I am an Assistant Professor of Science, Technology, and Society (STS) at MIT. I earned my doctorate in cultural anthropology at NYU and have been a Mellon Postdoctoral Fellow at Dartmouth College. I also hold an M. Phil and an MA in sociology from the Delhi School of Economics. 

My forthcoming book, Enduring Cancer: Life, Death and Diagnosis in Delhi (Duke University Press, August 2020), is an ethnography of cancer in India. Enduring Cancer presents the efforts of the urban poor in Delhi to carve out a livable life with cancer, as they negotiate an over-extended health system struggling to respond to the disease. Through ethnographic fieldwork, archival research and analyses of cultural texts, I describe how cancer shapes and is shaped by such local social worlds.

I just finished another book project: Hematologies: The Political Life of Blood in India (Cornell University Press, forthcoming December 2019). Hematologies is co-written with anthropologist Jacob Copeman. It examines how the giving and receiving of blood has shaped social and political life in north India in the twentieth and twenty-first centuries. Across a range of field sites, we trace how the substance congeals political ideologies, biomedical rationalities and activist practice. From anti-colonial appeals to blood sacrifice as a political philosophy to contemporary portraits of political leaders drawn with blood, from the use of the substance by Bhopali children as activist material to biomedical anxieties and aporias about the excess and lack of donation. the book reveals a productive and dynamic relation between practices that produce and reproduce blood as a boundary-marking substance, and those that seek to re-imagine the substance as able to transcend moral imperatives of kin, caste and religion.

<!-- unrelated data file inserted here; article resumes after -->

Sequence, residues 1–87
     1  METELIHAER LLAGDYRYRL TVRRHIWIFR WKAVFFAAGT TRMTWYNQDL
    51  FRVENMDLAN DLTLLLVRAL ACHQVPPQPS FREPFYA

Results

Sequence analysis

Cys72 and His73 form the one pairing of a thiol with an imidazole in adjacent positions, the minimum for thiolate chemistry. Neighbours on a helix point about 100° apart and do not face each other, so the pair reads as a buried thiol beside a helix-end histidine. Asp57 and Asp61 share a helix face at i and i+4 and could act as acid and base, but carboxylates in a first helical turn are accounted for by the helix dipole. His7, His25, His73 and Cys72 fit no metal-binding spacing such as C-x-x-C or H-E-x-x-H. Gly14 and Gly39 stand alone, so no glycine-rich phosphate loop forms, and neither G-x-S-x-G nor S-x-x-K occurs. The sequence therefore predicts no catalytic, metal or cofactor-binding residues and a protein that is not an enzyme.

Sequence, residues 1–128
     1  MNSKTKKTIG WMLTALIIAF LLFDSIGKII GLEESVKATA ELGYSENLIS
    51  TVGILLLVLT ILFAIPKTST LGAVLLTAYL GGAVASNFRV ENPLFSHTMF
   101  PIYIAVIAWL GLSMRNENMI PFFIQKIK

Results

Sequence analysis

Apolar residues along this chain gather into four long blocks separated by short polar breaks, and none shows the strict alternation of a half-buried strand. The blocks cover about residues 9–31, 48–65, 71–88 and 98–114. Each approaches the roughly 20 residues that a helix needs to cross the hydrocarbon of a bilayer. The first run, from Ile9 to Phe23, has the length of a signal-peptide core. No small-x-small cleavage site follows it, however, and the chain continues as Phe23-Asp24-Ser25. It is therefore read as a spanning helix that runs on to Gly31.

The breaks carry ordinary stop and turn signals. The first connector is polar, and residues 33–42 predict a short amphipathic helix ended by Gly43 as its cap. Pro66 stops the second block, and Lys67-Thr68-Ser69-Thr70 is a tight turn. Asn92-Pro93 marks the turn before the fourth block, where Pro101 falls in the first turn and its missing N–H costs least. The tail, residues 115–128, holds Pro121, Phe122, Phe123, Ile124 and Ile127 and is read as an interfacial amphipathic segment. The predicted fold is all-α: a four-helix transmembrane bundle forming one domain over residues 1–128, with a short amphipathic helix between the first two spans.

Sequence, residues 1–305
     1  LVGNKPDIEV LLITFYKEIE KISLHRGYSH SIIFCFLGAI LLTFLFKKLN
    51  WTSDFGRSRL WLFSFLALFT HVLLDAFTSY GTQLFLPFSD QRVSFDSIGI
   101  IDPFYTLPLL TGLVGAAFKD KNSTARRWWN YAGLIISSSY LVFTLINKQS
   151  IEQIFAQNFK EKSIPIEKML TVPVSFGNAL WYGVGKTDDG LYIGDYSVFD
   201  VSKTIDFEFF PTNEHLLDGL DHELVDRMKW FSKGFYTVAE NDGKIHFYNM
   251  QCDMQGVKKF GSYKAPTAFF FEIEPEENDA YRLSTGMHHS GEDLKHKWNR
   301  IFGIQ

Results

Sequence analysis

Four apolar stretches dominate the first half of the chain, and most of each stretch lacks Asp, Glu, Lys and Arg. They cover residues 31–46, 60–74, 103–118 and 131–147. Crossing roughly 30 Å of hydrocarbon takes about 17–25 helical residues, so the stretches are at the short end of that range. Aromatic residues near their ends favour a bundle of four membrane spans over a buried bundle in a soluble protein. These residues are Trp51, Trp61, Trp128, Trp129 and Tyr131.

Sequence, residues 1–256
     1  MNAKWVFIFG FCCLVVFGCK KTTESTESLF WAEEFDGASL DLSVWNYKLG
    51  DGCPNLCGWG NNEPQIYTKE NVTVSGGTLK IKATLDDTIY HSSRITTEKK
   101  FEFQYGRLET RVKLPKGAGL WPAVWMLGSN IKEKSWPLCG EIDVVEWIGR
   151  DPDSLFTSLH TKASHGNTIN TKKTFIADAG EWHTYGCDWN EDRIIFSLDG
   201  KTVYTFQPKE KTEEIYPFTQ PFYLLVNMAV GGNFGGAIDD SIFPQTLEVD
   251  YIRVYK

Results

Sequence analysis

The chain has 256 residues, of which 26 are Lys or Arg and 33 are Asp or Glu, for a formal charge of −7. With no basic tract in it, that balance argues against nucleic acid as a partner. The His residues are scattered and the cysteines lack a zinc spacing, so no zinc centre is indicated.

My current research project—A Counter History of Computing in India—tracks the historical and contemporary lives of computing technologies in India. Contemporary scholarly and popular narratives about computing and IT in the region suggest that even as India supplies cheap technological labor to the rest of the world, the country lags in basic computing education, research and development. The more generous of these accounts suggest that India is beginning to ‘catch up’ with the developed world. This perception fuels two further false assumptions. First, that Indian technology workers are low-skilled and not innovative. Second, that for decades India has been stealing rather than developing intellectual property. A Counter History of Computing in India challenges these representations. It explores a long-ignored postcolonial history of indigenous computing in India from the 1950s to the present, tracing the shifting relationship between the Indian state, computing technologies and local and global capital markets over this period.

My research has been funded by the Levitan Prize for the Humanities, the Mellon Foundation, The Humanities Initiative at NYU, the National Science Foundation, the Wenner-Gren Foundation, and the Social Science Research Council. I also earned the New York Advanced Certificate in Culture and Media, and my film The Beloved Witness on the Kashmiri poet Agha Shahid Ali was nominated for the Best Short Documentary at the New York Indo-American Film Festival.

Contact

dwaibanerjee

at gmail.com

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